There he was suddenly, the man of a million projections, decades on from those duels to which he is still tied, on the screen in my flat, the reception slightly delayed and distorted. He was disarmingly softly spoken, with a scepticism – gentle, but detectable even from the cackling screen. I showed him my guitar (on request). He showed me his. His was far, far nicer. He carried Jeff Buckley’s guitar at the infamous London Garage show. There were more stories, laced with the names of close encounters with pretty much all the great rock stars from recent decades. The other side, he began to search for what he imagined the music to his life should be like. Struggling to find the exact words, his hands fixed in an anxious air guitar gesture, he eventually gave up, for a second showing the glimpse of frustration he would have once had at an unfavourable decision, landing on: ‘”Just don’t make it sound like Titanic, OK?”. Got it, I said. Not like Titanic.
Two years later, minutes walk from Centre Court at Wimbledon in the aftermath of the tournament, I’ve just watched him sing It’s the End of the World as We Know It (And I Feel Fine) by REM at an after party he is putting on for charity. I’ve just joined him on stage where he has encouraged me to play more guitar solos than I have played collectively in my life until that point. He agrees – in mock-relief – that the finished music doesn’t sound like Titanic, before elaborating, “you know, I just didn’t want any of that dramatic, ‘one more cello please’ stuff. Don’t get me wrong. I’m sure it worked for Celine Dion or whoever it was”.
This ennui of his life being made into something that it isn’t, is something that has often plagued McEnroe post his tennis career. No more strings and cellos please, he has forever been asking, since his playing days derailed from the greatest to have ever played to purposeless slog. During his timeless duels with Björn Borg, the world – almost literally – had watched, leaning in on a scale that dwarves the one bequeathed Kyrgios. As the brilliant book On Being John McEnroe recounts, for the famous final in 1980, Nelson Mandela had persuaded guards to let him listen in from Robben Island prison. Sachin Tendulkar, aged seven, had watched from Bombay in a tennis kit and headband like his hero. Andy Warhol had got up early in Manhattan to catch it. They all loved him.
This search for acceptance through tennis is something that laces itself through McEnroe’s inner monologue throughout the film we’ve just signed off. “That’s what I’ve been trying to do for decades”, he says, on this search for resolution and connection. “I’ve been brought up with ‘Don’t cry, be tough, men have to be this way’. So in some ways, I was hiding vulnerability or tears. I’d get angry and I was hiding myself with it a bit.” His is a story of second chances, coming in the form of a chance meeting with musician Patty Smyth, with who he has now been for 28 years. “You have to be able to allow that other person to be the person they are other than the person you want them to be. I always felt like she let me be me,” he says. “That’s all you can ask. It’s a really hard thing to accept and do.” She lets him play guitar around the house, but usually pleads that he doesn’t sing.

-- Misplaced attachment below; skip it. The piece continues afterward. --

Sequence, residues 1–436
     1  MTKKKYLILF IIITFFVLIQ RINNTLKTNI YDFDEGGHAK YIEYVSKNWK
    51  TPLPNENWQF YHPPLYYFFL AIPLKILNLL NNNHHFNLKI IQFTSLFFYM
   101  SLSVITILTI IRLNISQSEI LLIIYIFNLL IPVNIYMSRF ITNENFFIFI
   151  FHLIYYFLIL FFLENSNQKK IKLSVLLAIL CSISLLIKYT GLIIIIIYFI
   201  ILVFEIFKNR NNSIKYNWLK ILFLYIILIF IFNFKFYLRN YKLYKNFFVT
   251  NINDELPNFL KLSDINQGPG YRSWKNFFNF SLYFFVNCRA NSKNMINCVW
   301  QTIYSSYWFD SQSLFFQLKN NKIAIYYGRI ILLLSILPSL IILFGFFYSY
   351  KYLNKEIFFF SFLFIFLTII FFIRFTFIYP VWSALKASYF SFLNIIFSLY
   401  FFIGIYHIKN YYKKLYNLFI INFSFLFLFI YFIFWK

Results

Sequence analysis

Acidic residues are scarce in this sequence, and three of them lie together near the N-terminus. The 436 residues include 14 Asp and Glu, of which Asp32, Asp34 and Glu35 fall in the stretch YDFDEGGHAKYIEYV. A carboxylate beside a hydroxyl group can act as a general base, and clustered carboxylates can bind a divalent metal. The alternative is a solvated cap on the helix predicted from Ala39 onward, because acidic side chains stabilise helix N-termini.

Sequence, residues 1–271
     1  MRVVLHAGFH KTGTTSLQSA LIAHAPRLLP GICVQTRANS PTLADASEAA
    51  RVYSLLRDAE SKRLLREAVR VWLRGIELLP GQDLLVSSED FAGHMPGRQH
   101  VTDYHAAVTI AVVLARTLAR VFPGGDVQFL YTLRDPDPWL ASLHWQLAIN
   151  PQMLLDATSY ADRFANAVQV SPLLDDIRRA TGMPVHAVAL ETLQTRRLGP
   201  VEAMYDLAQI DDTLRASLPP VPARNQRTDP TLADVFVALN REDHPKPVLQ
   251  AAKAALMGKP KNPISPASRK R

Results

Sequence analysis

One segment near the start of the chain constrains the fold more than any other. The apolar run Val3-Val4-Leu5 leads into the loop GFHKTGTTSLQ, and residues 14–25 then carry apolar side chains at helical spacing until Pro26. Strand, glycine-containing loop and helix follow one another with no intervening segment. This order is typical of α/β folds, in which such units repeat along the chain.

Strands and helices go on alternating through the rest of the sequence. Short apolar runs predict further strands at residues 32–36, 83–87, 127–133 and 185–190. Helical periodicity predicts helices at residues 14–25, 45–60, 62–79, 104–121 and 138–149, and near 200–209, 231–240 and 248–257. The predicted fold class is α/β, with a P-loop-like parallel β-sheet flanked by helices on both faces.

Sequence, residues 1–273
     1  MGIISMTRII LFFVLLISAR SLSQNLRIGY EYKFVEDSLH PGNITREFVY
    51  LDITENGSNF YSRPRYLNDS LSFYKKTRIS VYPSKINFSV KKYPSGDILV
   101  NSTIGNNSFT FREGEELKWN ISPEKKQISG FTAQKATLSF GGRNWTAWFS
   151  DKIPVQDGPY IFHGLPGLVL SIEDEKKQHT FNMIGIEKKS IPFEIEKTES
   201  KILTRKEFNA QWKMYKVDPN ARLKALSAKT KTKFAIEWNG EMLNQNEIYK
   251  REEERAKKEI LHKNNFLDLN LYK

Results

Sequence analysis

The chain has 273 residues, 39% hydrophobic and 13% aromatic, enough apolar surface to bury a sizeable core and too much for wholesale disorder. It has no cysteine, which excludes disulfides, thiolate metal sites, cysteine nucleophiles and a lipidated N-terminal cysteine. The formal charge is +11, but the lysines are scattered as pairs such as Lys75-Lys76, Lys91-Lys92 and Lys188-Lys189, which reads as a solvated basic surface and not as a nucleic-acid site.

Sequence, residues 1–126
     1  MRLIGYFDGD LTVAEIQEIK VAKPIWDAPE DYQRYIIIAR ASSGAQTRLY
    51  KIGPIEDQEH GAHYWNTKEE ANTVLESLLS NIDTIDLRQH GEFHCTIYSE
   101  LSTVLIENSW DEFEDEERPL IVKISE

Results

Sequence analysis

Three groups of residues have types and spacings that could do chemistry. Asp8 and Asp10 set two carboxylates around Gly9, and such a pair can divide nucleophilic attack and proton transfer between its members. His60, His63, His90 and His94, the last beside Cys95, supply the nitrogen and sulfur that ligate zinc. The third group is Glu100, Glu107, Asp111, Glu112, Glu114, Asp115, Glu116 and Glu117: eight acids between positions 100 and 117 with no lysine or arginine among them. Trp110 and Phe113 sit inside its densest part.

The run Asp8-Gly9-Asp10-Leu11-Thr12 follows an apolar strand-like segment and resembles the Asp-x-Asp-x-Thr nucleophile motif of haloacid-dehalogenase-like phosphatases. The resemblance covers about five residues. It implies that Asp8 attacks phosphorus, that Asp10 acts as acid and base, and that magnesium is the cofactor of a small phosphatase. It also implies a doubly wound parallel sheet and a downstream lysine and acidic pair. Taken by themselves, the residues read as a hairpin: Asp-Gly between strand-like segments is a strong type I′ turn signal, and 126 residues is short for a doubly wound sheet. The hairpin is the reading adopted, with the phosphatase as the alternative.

When McEnroe departs London this week, he will leave behind him a few weeks where he has hosted and been part of the “100 years of champions” at Wimbledon, lining up alongside Roger Federer and, despite his silver hair and dark suit, still somehow popping out against the other champions in technicolour. In his public interviews he has regularly delved off the beaten track into Russia/Ukraine (he is anti-war but feels Russian players should have been allowed to play), vaccination (he is pro-vax but feels Novak Djokovic should not have been kicked out of Australia) and, in the evenings, taken guest turns on stage with both the Eagles and Pearl Jam at Hyde Park on guitar.
There was a time, in the early 80s, that all he wanted was to never see it again. “If I win this tournament”, he says in the film, “I’m never fucking coming back.” In time, this changed. “The moment I won it,” he tells me, “I felt like I could literally fly out of the stadium. There was this brief period where it all came off my shoulders and I thought, on second thoughts actually …” He pauses, perhaps remembering the repellant energy his outbursts attracted, “I didn’t realise that I’d be working for the BBC eventually. I don’t think anyone saw that coming.”
There is an intriguingly opposite art to commentary than the one that fuelled him then. “It’s actually like music. It’s knowing when to pull away and to let it breathe. When you’re watching something great, sometimes it’s better to let it speak for itself.” He turns back to the fourth set tie-break between Kyrgios and Djokovic. “Just let people see this,” he thought to himself. There was nothing that needed to be said. “That’s what it’s about. Some of my best work is when I haven’t said anything.” And on Kyrgios? “He did electrifying things in a lot of ways,” he shrugs. “Even if it wasn’t always for the right reasons.”